Lincoln Yards back on City Council’s front burner amid affordable housing negotiations

After vowing to delay the Sterling Bay project until more affordable units were added, Zoning Committee Chairman Cappleman is signaling it could be ready for a vote

From left: Alderman James Cappleman (46th), Alderman Brian Hopkins (2nd), and a Lincoln Yards rendering (Credit: Facebook)
From left: Alderman James Cappleman (46th), Alderman Brian Hopkins (2nd), and a Lincoln Yards rendering (Credit: Facebook)

The City Council Zoning Committee is set to hold a special meeting next week to hear Sterling Bay’s proposal for the 54-acre Lincoln Yards development, raising the massive project’s prospects for approval before a new city administration takes over in May.

After a heated six-month community review process, the $6 billion plan to build 6,000 homes and 1.3 million square feet of office space looked destined for approval last month when Alderman Brian Hopkins (2nd), whose ward includes the entire site, gave it his blessing.

But then about a dozen council members, including neighboring Aldermen Scott Waguespack (32nd) and Michele Smith (43rd), came out in opposition to the proposal, citing the need for more public scrutiny.

When Alderman James Cappleman (46th) assumed control of the Zoning Committee after the Jan. 29 resignation of Alderman Danny Solis (25th), the Uptown alderman said he would not schedule a vote on Lincoln Yards until Sterling Bay ironed out plans for more affordable units near the site.

Sterling Bay’s two-part master plan for the riverfront industrial site was approved last month by the Chicago Plan Commission, but it must be approved by the zoning committee and then the full City Council in order to take effect.

Tressa Feher, Cappleman’s chief of staff, said Sterling Bay and Hopkins are “making good progress” in negotiations aimed at winning over the aldermen who oppose the plan. She added Sterling Bay has agreed to boost the number of affordable units in the site plan, but did not say by how much.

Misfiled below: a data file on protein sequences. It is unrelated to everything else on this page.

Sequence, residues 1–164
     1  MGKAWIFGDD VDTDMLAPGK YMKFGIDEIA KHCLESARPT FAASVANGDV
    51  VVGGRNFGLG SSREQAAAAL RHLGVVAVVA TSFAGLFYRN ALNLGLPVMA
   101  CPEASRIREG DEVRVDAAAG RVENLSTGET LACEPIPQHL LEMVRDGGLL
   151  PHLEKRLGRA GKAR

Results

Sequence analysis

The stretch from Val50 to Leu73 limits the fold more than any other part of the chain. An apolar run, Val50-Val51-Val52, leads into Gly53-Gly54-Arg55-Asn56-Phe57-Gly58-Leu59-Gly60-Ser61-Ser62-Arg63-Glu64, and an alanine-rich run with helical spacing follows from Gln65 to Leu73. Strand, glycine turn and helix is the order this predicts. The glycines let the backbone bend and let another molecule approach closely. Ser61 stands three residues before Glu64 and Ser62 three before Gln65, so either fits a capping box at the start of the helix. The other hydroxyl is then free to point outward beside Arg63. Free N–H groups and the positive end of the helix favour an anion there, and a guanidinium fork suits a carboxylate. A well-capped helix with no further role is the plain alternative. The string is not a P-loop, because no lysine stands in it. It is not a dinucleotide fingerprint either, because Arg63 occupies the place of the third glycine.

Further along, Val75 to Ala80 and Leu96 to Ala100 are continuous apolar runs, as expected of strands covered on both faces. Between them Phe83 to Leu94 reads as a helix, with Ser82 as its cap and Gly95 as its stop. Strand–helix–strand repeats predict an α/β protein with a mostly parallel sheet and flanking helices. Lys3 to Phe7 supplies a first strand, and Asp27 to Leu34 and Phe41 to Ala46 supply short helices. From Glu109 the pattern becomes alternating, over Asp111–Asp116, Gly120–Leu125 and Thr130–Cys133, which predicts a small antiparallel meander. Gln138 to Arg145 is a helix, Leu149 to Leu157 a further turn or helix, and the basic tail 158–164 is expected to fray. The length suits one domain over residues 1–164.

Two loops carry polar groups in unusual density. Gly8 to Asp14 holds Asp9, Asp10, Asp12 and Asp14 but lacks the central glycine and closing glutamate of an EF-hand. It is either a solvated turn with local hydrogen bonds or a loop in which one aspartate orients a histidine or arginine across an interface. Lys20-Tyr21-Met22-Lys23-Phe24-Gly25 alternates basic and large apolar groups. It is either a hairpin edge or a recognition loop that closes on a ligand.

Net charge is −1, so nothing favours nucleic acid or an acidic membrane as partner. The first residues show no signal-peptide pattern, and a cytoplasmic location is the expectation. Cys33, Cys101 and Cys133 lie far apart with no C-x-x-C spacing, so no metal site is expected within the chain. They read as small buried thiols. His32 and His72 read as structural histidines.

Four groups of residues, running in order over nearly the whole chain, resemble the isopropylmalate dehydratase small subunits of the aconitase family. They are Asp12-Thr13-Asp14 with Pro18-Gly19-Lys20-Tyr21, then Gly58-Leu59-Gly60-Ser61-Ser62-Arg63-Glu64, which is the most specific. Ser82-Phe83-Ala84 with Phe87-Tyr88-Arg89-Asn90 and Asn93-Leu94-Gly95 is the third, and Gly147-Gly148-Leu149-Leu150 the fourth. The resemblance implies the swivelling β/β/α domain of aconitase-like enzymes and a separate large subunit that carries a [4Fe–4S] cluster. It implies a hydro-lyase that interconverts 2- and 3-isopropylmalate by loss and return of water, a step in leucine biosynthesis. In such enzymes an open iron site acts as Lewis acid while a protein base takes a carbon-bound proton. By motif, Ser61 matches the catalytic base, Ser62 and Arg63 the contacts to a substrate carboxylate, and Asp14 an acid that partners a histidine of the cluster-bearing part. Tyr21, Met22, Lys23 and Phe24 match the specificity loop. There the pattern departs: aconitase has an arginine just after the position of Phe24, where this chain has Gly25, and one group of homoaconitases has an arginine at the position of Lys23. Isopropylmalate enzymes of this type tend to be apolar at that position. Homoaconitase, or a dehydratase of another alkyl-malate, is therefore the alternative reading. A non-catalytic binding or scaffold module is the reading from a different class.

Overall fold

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“The developer and Alderman Hopkins have been working with the aldermen who have been a ‘no’ on this, and they’ve gotten far enough that they wanted to request a meeting before the next City Council meeting,” Feher said.

She added if the developer and aldermen don’t come to an agreement by the March 7 meeting, Cappleman can always postpone it.

Hopkins confirmed that negotiations are underway to add more on-site affordable units to the plan, but that “the affordable housing community has already won, no matter what the final number ends up being.”

The number of affordable units included in the plan — the minimum required under the city’s Affordable Requirements Ordinance — will “vastly exceed anything that’s been built since the ordinance went into effect,” Hopkins said.

A spokesperson for Sterling Bay did not immediately respond to a request for comment on Tuesday.

Under the plan approved by the Plan Commission last month, Sterling Bay would charge reduced rents on 300 of the 6,000 planned units on the site. The developer would provide for another 600 units in the surrounding area, and would pay an additional $39 million into the city’s Affordable Housing Trust Fund.

Earlier this month, a city commission voted to recommend creating a tax increment financing district around the Lincoln Yards site that would raise up to $1.3 billion to pay for public infrastructure during the next 23 years.